People all over the world want economic growth, believing it will make them better off, and who can blame them? But how much bigger can we grow before our global systems begin to come apart at the seams? Continue reading
Tag Archives: global warming
An excellent article recently appeared at Spiegel Online International titled “The Warming World: Is Capitalism Destroying Our Planet?” and I highly recommend reading it through to the end. In it the authors give in-depth information on the current status of the global climate, relating it back to human activity and national and international politics. (Millions of tons of CO2 going into the atmosphere every day has to have an impact, sooner or later.) The politics of various key nations and the negotiations at past climate conferences are described, and a lot of the latest climate science is brought forth. The topic is a bit frightening but of such critical importance to us that, really, every adult should have to read this article (whether they believe it or not).
Then, better informed, we need to take action, vote for politicians who are deserving, and “clean up our acts” by making many changes in our selves, our decisions, and our lifestyles in order to preserve a reasonably habitable world for our kids. The trouble is … it might already be too late.
Thanks for reading — Tim
Awareness of humanity’s biggest problems is rising. While there appears to finally be a slow groundswell of popular understanding and alarm about what humans are doing to the planet (which is quite late but very good), there is still a lot of mishandling (and often misrepresentation) of the news. This results in persistent widespread misconceptions about our position and probable future on the planet. So what kinds of things are we “not getting”? Continue reading
Food systems are going to be of primary importance as population peaks. If, as the UN says, population will reach more than 9 billion in the 2040’s before beginning a steep decline, the causes of that decline are important to consider today. A historical review of population reductions shows that neither war nor the natural disasters we’ve seen so far make a noticeable difference, but suggests that famine and possibly disease have the potential to make major reductions in the population. Decades ago I expected that we might pollute our world so badly that average lifespans would fall, but there has been some progress on preserving the environment and it appears that energy and food shortages created by overpopulation are bigger concerns. (Of course, the primary concern SHOULD be overpopulation itself, as these other problems are results of it.) If organic food and farming methods are more costly than agribusiness’ methods now, why would they replace the hugely productive methods used to produce most food in the developed world today? Continue reading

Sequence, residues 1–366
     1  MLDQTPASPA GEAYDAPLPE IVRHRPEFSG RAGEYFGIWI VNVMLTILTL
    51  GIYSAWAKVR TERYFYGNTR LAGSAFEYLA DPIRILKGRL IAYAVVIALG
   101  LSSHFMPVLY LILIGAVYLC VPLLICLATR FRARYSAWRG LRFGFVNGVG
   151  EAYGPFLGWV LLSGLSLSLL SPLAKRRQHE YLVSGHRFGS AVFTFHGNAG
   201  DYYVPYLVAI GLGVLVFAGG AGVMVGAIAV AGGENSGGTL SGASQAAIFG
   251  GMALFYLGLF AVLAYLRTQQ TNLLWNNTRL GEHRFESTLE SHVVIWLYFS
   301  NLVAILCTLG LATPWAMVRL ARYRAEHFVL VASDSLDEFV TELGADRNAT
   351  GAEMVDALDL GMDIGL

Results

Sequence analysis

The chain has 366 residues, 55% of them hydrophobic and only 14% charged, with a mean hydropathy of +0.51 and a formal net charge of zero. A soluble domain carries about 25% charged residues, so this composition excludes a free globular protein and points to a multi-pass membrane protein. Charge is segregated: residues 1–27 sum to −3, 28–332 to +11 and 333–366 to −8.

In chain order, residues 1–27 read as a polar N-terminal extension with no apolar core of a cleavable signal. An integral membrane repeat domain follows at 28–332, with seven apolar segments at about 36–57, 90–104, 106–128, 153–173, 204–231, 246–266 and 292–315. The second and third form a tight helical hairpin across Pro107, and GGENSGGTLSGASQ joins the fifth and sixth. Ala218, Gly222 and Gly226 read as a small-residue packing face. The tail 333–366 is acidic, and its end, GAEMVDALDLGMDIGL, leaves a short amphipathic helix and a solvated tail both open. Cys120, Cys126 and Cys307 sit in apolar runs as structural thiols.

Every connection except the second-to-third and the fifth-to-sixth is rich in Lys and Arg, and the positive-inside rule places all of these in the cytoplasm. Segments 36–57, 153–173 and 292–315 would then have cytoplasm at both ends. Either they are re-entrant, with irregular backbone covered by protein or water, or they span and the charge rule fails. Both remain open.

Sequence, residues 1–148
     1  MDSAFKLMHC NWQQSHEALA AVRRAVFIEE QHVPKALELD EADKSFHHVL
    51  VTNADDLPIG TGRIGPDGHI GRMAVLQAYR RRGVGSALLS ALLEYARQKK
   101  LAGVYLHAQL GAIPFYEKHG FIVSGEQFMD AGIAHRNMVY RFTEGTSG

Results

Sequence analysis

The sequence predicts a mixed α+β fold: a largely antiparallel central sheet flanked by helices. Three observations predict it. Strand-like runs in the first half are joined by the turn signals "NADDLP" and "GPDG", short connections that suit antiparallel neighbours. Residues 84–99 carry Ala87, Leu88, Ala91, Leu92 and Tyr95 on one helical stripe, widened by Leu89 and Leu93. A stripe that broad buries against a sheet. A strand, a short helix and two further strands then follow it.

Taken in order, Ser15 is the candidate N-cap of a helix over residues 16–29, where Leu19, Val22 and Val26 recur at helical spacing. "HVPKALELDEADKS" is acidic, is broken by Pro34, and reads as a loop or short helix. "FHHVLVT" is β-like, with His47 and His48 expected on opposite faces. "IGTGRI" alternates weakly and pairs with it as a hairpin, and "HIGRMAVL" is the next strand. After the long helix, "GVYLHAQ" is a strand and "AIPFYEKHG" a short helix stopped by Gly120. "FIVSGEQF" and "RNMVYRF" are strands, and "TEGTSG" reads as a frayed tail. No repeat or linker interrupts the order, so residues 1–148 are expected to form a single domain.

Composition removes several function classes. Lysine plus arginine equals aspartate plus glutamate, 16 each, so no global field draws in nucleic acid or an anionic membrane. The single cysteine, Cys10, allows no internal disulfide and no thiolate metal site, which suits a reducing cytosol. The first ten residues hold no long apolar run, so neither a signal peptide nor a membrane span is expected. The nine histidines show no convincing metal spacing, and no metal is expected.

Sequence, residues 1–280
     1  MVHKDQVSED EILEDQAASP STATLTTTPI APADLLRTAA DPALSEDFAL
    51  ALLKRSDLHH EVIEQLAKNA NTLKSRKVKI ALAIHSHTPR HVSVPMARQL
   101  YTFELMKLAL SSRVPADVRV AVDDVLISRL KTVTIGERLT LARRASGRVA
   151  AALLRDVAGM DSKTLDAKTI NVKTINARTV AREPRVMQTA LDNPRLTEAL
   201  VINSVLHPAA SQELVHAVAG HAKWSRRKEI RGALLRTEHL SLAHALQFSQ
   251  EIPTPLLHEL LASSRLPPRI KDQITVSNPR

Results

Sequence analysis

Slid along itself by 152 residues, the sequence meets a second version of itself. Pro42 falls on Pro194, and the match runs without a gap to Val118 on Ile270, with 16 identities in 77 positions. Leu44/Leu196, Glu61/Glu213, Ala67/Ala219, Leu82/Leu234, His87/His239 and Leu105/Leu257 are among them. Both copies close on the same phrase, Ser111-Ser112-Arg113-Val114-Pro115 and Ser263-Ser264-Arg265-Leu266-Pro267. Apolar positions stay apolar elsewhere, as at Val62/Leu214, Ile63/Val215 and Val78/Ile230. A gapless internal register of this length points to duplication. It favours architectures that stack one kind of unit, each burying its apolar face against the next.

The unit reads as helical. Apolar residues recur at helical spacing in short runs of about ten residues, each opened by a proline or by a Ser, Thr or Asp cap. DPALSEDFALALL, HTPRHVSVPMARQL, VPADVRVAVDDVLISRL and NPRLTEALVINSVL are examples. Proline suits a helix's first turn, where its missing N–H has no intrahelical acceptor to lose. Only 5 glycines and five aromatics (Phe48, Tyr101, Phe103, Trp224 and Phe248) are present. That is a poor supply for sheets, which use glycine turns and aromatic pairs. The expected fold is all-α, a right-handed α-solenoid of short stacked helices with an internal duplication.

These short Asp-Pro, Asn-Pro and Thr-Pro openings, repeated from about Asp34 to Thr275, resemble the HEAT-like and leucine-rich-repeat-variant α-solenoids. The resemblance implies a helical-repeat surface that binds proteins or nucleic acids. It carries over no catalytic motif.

Are we smarter than lemmings? It’s time for humanity to prove how smart we are. We are faced with the biggest crisis we, and perhaps any species on the planet, has ever faced: our own overpopulation. But are we going to continue to grow our numbers until the massive and complicated systems by which we sustain ourselves collapse, essentially “marching off a cliff” as lemmings were once said to do? Or are we smart enough to curb our population growth and find a way to a sustainable world situation? Continue reading
Falling birthrates a problem? Someone has lost their sense of perspective. NY Times op-ed columnist David Brooks’ recent piece “The Fertility Implosion” cites falling birth rates in many countries and discusses the difficulties faced by societies in which elderly will significantly outnumber young people. Certainly there will be challenges. While in the US the Social Security program (SS) is expected to continue another 25 years, with relatively small changes needed to change that time to “indefinite”, and most developed countries have better systems for caring for the elderly than the US does, there is still much concern for how the young people are going to foot the bill for those older than them. But how does this stack up against the effects of the current population explosion itself? Continue reading
Common sense may not be common, but this video seems pretty full of it. Hans Rosling at Gapminder.org gives an excellent TED talk about the progress humanity has made and where we may go in the future, illustrated by the washing machine. As professor Rosling points out, the promotion of early childhood education represented by the washing machine is a significant factor in education and, I believe, in humanity’s success.
After watching this video my only question is: can we really conserve enough energy and switch enough of our supply over to renewable sources to stave off a huge energy-based component to the population explosion problem? We in the US haven’t experienced a real war in which critical commodities were rationed and we (including businesses) all sacrificed since 1945 but it appears it is time for that again now.
As always, I welcome your comments — Tim